Custom Search

Tuesday, November 6, 2007

Feature Articles - November 2007

Is it true that fewer Asian women develop breast cancer than women in the West?
by Chikara Ohi

As pointed out by Mrs. Yuki Masuda, it is true that fewer Asian women develop breast cancer than women in the West. But some research has shown that when women move from a country with a low incidence of breast cancer, such as Japan, to a country with a high incidence, such as the United States, their breast-cancer risk goes up. Because Japanese women consume lower-fat diets than do U.S. women, it is possible that a fat-rich diet is the cause behind the rise in cancer risk. Also the influence of a diet containing soy protein has been researched with regard to certain health benefits. Women's intake of soy protein is potentially beneficial with respect to risk factors for breast cancer and may in part explain the low incidence of breast cancer and its correlation with a high soy intake among Japanese and Chinese women. So, simply because Mrs. Masuda is a Japanese woman, she may not always be cancer-free in the future.

In interviewing Mrs. Masuda, I discover that she likes to stay at home; she doesn't exercise much; she is a moderate drinker; she eats quite a bit of beef and pork; at home she uses sweet coconut oil or margarine; she dislikes most vegetables; she prefers to eat Western-style desserts; and occasionally she likes to eat three or four desserts at one time. However, mammograms and other laboratory tests indicate that Mrs. Masuda is cancer-free, but her LDL-level is above normal. So, in addition to her being overweight, tests indicate that she has consumed too many of the wrong kinds of food.

Therefore I want to inform her of the following new insights and relationships emerging from recent research data: Women who eat diets rich in animal foods reach menarche (the first occurrence of menstruation) earlier, thereby producing more estrogen over their lifetimes and developing breast cancer at a significantly higher rate. In other words, low-fat, high-fiber diets are linked with lower levels of female hormones and a lower risk for breast cancer; and fats that are common in some diets have been linked to an increased risk of developing breast cancer. The substances, called trans fatty acids, are prominent in many processed and fast foods, margarine and some vegetable oils. A study of nearly 700 postmenopausal European women found that those whose bodies contained the highest levels of trans fatty acids were 40 percent more likely than those with the lowest levels to develop breast cancer.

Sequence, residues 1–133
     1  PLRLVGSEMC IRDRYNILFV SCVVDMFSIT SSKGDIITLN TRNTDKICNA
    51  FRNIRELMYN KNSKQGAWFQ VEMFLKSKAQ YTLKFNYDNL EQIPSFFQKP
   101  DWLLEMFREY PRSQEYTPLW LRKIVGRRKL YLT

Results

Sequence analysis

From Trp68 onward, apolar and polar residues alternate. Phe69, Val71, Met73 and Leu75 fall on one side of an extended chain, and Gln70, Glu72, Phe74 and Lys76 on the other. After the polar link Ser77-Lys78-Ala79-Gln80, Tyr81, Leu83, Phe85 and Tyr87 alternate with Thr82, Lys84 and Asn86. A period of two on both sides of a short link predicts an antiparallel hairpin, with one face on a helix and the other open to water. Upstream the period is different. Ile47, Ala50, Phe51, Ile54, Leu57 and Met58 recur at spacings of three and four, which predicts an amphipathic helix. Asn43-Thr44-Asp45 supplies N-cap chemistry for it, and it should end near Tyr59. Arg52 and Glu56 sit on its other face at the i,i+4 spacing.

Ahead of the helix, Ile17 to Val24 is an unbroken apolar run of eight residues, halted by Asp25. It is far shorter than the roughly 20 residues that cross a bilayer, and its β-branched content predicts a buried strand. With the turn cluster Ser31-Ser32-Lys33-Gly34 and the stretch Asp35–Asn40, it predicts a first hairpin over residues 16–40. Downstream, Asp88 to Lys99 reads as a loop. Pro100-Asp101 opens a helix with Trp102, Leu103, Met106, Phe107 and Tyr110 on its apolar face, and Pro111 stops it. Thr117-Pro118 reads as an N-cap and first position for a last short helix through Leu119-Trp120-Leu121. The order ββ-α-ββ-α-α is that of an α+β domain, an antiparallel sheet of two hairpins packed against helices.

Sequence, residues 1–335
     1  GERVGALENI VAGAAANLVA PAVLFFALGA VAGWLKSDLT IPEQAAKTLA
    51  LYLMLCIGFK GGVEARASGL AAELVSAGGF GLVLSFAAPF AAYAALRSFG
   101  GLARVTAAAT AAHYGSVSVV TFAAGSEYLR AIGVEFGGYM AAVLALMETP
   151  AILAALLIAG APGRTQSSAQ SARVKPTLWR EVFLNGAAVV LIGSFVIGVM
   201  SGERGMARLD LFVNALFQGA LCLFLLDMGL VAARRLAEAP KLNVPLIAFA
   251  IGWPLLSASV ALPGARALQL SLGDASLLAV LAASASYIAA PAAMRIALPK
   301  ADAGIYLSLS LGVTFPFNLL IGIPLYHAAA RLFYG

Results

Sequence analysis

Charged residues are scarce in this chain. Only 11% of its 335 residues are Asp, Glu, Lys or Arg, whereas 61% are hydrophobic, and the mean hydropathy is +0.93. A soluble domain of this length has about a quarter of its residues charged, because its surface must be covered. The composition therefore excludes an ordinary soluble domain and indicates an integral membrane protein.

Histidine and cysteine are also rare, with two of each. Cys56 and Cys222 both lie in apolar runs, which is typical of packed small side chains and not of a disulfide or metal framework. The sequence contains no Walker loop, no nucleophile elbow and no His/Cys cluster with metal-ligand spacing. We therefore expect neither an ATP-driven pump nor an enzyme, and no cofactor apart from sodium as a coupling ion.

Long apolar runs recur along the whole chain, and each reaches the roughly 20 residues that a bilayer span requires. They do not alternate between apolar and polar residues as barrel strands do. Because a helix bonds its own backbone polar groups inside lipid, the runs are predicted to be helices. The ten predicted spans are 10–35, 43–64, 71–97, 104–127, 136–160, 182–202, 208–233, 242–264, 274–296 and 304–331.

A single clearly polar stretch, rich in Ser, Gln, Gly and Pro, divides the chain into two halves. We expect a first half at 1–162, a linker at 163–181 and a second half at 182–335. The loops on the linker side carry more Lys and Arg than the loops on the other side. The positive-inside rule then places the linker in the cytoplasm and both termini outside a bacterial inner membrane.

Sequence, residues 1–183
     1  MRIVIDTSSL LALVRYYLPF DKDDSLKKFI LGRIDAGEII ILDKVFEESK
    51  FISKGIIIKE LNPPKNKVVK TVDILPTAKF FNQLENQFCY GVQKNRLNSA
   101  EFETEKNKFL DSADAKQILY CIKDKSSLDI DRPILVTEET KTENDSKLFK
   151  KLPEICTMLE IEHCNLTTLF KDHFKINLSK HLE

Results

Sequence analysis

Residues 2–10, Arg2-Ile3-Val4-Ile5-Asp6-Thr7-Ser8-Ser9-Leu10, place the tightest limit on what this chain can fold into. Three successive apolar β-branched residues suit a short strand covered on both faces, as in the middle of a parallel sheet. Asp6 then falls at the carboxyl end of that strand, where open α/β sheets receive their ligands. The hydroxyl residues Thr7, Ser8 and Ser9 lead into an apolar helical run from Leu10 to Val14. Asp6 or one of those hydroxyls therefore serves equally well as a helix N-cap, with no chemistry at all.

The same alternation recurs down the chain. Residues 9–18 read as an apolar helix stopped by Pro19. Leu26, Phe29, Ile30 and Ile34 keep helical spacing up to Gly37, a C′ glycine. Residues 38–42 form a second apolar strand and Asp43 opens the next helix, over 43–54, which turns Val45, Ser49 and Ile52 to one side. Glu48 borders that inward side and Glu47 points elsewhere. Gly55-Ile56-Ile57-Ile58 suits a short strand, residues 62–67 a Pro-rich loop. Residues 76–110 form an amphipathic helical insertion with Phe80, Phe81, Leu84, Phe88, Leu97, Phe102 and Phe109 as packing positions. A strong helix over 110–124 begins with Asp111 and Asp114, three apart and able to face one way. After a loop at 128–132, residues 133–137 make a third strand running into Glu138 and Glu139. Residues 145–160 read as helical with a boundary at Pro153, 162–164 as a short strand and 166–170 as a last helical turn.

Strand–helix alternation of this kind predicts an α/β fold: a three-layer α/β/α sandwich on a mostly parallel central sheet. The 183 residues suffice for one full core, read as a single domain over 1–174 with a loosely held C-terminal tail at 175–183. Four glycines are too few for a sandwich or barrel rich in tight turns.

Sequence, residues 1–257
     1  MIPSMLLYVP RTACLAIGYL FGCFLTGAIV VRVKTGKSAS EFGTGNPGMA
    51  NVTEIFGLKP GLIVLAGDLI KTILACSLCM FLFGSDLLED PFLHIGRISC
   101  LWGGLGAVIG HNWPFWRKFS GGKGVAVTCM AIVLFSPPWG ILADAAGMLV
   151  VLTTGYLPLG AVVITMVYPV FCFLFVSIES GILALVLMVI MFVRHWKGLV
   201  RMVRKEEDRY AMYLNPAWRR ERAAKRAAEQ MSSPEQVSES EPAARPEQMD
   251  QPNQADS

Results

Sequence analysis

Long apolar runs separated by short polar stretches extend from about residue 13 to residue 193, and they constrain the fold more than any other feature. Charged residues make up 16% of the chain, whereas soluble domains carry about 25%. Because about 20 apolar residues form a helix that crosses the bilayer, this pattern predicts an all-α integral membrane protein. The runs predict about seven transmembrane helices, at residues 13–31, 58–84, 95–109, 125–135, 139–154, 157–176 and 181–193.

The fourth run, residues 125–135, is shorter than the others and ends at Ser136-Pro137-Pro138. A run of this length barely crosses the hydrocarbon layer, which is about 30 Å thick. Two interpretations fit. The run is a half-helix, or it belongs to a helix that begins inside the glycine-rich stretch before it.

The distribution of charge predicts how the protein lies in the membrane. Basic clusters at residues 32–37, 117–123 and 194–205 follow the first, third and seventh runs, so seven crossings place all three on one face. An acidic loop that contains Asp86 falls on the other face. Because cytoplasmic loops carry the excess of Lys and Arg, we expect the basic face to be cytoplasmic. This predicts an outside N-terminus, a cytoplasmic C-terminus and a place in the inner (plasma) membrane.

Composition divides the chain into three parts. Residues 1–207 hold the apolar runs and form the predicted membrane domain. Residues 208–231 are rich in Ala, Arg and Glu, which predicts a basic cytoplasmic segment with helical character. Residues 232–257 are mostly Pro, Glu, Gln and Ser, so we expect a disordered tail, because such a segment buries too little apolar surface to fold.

So, she must decrease her LDL cholesterol level in her blood. And also she has to change her menu because her favorite foods, such as beef, pork, sweet coconut oil and margarine, are rich in cholesterol and fats. In addition to general ideas, such as telling her to increase her intake of vegetables and fruits, I recommend such foods that not only have low cholesterol but also have much fiber, such as mushrooms, konnyaku, and kanten. The konnyaku is made from konnyaku-imo. The kanten is made from grass in the sea. Both of them are elastic and well known in Japan. Fibers in foods are effective for lowering cholesterol absorbed from the intestine.

In addition, she should do exercise as much as possible every day. Maybe it's time for her workouts to go along with her low-fat diet. So, I want to recommend low-impact aerobic exercise to her. For example, I have joined a health club and use a stationary bike, a treadmill and a stair-climber there. These machines are designed for people who want low-impact aerobic exercise. If she joins a club like mine, she gets the same benefit she gets from jogging. But she doesn't have to go out in any weather to clock up the miles.

Moreover, I suggest that she check her cholesterol level, LDL level, etc. in her blood every year. In sum, my advice to her is --
* Eat a variety of foods.
* Maintain a healthy weight.
* Choose a diet low in fat, saturated fat and cholesterol.
* Choose a diet with plenty of vegetables, fruits and grain products.
* Use sugars in moderation.
* Use salt and sodium only in moderation.
* If she drinks alcoholic beverages, do so in moderation.
* Do exercise as much as possible every day.
* Check her cholesterol level, LDL level, the blood every year.

No comments: